Similar litigation converted asbestos and tobacco from topics of health controversy to targets of billion-dollar courtroom battles. Both supporters and critics of Angelos' lead lawsuits, part of a new wave of litigation against the lead industry, say they could have the same impact on lead poisoning.
Advocates for lead-poisoning victims generally welcomed the lawsuits as a spotlight on the problem and a possible source of money to pay for solutions. Some are already on Angelos' team: Two experts on lead poisoning at Kennedy Krieger Institute, Dr. J. Julian Chisolm Jr., who has treated victims for decades, and Mark R. Farfel, an expert on lead paint hazards, declined to comment because they have been retained by the Angelos firm as expert witnesses.
Nick Farr, who heads the National Center for Lead-Safe Housing in Columbia, said: "I would certainly support lawsuits to hold the manufacturers of lead pigment responsible. They knew it was a problem. They didn't warn people. Kids are getting poisoned, and it's an expensive problem to deal with."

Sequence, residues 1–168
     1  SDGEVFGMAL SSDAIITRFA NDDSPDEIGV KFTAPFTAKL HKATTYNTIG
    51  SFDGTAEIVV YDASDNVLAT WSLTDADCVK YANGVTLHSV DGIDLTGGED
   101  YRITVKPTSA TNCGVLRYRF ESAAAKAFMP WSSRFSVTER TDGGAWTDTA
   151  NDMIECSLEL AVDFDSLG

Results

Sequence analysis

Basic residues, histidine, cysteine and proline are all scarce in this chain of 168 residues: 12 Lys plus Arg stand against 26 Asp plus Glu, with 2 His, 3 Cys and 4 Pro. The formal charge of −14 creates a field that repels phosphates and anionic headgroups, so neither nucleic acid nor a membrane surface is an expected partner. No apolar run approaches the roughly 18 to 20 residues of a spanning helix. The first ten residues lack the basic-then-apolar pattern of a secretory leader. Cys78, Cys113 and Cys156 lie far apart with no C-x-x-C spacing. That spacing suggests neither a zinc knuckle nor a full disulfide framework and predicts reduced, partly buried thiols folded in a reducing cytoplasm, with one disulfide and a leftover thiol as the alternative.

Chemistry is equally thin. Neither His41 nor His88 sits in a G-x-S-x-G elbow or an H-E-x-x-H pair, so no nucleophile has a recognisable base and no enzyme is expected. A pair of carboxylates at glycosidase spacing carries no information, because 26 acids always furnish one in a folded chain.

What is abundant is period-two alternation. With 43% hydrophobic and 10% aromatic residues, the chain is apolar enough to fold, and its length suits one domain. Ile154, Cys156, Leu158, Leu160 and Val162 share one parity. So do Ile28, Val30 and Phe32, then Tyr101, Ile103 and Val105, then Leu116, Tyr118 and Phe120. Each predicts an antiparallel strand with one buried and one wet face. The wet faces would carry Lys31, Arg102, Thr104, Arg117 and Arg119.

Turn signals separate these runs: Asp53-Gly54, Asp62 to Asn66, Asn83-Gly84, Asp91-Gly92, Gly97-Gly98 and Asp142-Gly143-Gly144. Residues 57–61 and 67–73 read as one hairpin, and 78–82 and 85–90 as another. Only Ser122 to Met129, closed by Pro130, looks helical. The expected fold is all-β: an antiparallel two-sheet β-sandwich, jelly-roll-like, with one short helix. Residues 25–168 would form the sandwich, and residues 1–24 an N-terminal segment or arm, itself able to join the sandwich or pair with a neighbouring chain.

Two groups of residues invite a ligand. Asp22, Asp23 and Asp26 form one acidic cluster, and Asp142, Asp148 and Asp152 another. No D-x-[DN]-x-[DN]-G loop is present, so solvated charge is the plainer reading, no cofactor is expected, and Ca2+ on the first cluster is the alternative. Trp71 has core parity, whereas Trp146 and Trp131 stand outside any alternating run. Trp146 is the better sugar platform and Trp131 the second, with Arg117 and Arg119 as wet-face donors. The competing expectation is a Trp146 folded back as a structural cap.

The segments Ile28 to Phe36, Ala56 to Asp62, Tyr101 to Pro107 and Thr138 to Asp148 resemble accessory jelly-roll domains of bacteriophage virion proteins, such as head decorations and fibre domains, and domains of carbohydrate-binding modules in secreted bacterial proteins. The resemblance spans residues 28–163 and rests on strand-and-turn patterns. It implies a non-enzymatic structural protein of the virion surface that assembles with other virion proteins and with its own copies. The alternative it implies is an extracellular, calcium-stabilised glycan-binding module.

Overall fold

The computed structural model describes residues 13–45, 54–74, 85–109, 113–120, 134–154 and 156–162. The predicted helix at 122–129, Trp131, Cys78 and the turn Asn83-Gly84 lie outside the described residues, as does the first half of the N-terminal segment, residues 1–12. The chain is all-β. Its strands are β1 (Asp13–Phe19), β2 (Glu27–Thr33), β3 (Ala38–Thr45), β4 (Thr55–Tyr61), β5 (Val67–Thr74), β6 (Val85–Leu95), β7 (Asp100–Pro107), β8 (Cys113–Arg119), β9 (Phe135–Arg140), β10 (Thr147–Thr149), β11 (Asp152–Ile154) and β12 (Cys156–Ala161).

Spokesmen for the paint and lead pigment industries say the lead litigation is a cynical attempt to enrich plaintiffs' lawyers in the guise of helping children. The lead pigment manufacturers have geared up for battle, hiring a Washington public relations man, Chris Collins, and distributing fact sheets, including one titled "A Potential Windfall for Lawyers, A Pittance for Children."
Tim Hardy, a Washington attorney representing NL Industries, a lead pigment maker and defendant in the lawsuits, said Angelos' allegation of an industrywide conspiracy to deceive the public is groundless.
"The plaintiffs' lawyers have taken old historical documents and interpreted them incorrectly and out of context to tell a false story," Hardy said. "These companies that are being sued were very responsible companies that cooperated with public health agencies and funded no-strings research at institutions like Harvard and Johns Hopkins."